Ten years went by while Lundy’s small group of supporters, led by Geoff Levick, “continued working behind the scenes”.[46] Legal aid was not available and there were difficulties funding an appeal. In 2009, North & South magazine published the results of an investigation into the case by journalist Mike White. White went through all the research and documentation that Levick had accumulated over 13 years, interviewed pathologists and others about brain tissue, and the digestion of stomach contents, and produced an 18 page analysis titled The Lundy murders: what the jury didn’t hear.

David HislopThe article eventually helped persuade David Hislop QC (left) to take the case to the Privy Council.[47] Later that year, Lundy’s legal team announced an appeal was “imminent” but it was not until three years later, in November 2012, that an application was made to the Judicial Committee of the Privy Council seeking permission to appeal his convictions.

‘Revelation’ of undisclosed document

A few days before the appeal, and 11 years after he was found guilty, a report by a New Zealand neuropathologist, Dr Heng Teoh, questioning the reliability of the ‘brain tissue’ was given to Lundy’s legal team. Police had failed to disclose the report to his defence lawyers, or to the court, at the time of the trial,[48] a strategy known as noble cause corruption. One of the law lords described the discovery of this document as a “revelation”.[49] In the end, the Privy Council decided the science used to identify the speck of tissue found on Mark Lundy’s polo shirt was controversial and there was reason to doubt its accuracy.[50] At the retrial in 2015, the Crown acknowledged they got the timing wrong and argued the murders occurred at least eight hours later – in the middle of the night.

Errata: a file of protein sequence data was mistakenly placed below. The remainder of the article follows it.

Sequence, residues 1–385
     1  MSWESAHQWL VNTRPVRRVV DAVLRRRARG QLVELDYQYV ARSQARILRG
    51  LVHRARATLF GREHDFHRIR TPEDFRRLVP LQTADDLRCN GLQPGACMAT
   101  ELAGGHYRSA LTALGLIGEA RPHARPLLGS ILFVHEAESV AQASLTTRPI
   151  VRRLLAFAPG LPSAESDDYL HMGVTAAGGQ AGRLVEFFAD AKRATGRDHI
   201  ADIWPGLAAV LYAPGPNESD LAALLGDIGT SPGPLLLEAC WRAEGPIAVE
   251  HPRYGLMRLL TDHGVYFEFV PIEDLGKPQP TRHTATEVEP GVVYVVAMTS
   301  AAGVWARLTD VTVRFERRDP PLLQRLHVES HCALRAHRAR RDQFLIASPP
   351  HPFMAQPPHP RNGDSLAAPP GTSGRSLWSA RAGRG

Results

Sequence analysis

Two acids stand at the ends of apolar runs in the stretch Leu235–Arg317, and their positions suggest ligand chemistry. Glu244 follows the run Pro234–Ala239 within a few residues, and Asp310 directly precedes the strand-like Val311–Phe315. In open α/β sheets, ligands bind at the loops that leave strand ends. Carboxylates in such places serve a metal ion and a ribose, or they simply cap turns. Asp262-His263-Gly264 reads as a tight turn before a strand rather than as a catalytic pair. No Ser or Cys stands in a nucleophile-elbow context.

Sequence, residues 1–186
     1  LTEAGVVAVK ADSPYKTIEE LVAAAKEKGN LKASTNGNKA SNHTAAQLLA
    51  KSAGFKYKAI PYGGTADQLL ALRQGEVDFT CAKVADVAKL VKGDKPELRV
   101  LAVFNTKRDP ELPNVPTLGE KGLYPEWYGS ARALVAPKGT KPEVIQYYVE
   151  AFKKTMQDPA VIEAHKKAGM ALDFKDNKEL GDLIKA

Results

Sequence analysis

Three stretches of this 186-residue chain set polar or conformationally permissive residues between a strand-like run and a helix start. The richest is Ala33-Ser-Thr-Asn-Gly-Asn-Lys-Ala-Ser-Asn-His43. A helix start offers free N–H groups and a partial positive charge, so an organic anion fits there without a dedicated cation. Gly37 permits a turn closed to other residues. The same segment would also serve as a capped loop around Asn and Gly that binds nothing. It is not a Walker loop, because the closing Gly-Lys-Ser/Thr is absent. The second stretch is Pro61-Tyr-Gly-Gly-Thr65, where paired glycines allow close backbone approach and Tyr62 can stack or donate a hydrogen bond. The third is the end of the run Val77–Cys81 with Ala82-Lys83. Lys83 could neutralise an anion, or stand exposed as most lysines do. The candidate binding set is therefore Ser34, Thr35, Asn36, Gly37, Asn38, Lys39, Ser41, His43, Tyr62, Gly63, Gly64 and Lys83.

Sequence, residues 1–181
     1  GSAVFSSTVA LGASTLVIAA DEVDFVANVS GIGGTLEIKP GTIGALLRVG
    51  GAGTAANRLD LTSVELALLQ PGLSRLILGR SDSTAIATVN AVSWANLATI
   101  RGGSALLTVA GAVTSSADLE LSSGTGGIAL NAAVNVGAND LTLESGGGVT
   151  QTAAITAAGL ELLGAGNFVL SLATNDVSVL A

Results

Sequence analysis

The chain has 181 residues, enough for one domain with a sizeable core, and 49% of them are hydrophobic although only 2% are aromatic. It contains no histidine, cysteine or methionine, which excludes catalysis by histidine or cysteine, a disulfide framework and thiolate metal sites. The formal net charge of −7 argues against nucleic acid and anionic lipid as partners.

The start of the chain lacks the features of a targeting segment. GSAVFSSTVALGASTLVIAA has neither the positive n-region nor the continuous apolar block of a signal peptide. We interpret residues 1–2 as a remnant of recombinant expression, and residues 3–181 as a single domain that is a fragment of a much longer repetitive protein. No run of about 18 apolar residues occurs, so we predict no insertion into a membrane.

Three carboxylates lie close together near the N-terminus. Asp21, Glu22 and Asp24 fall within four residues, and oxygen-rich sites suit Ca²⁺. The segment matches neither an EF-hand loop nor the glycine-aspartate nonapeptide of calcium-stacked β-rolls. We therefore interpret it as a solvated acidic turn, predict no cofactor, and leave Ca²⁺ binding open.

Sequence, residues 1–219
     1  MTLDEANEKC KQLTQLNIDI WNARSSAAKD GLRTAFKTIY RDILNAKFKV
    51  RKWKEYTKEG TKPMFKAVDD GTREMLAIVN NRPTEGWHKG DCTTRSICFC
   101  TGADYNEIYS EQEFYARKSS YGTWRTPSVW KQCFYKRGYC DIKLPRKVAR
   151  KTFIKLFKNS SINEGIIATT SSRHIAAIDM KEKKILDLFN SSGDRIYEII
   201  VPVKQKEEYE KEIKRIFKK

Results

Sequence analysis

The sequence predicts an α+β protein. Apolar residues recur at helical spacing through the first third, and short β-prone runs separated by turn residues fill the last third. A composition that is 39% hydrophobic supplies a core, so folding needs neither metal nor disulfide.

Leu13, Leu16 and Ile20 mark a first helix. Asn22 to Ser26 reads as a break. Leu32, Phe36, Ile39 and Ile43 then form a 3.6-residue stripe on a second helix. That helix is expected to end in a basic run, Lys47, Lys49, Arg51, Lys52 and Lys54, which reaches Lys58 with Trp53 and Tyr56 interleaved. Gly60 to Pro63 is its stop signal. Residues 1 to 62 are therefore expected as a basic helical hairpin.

Other issues before the Council included the time of shutdown of Christine’s computer, and the examination of stomach contents used to determine the time of death.[51] Mr Lundy’s legal team submitted that examination of stomach content to determine time of death was internationally discredited as bad science.[52]


The hearing which included Chief Justice of New Zealand Dame Sian Elias began on 17 June 2013. The Privy Council announced its decision in October 2013, declaring Lundy’s convictions “unsafe” in light of the new evidence, quashed the convictions and ordered a retrial.[53]

Release on bail

After his convictions were quashed, Lundy applied for bail. In his decision to grant bail, Mr Justice Young noted that “Mr Lundy has no history of offending other than the two murder convictions which are now quashed.” He went on to say: “Mr Lundy is entitled to the presumption of innocence. He is back to the stage where he is charged and the Crown has not proved a case of murder against him.”[54]

Retrial 2015

The time of death

The retrial began in February 2015 and on the first day, the Crown led by Phillip Morgan Q.C took a different approach to the case. They said they now believed that Lundy drove up to Palmerston North after spending an hour with a prostitute (who left his motel at 12.48am), and killed his wife and daughter in the early hours of 30 August. Pathologist James Pang said it was impossible to pinpoint the exact time of death and so Amber and Christine Lundy could have died at any time within a 14 hour period before the bodies were discovered at about 9.00am the following morning.[55] Defence counsel, Ross Burns, said the Crown’s introductory statement was “an affirmation that Lundy had been wrongly convicted in the first trial”.[56] Mr Burns also said there was fresh evidence implicating someone other than Lundy.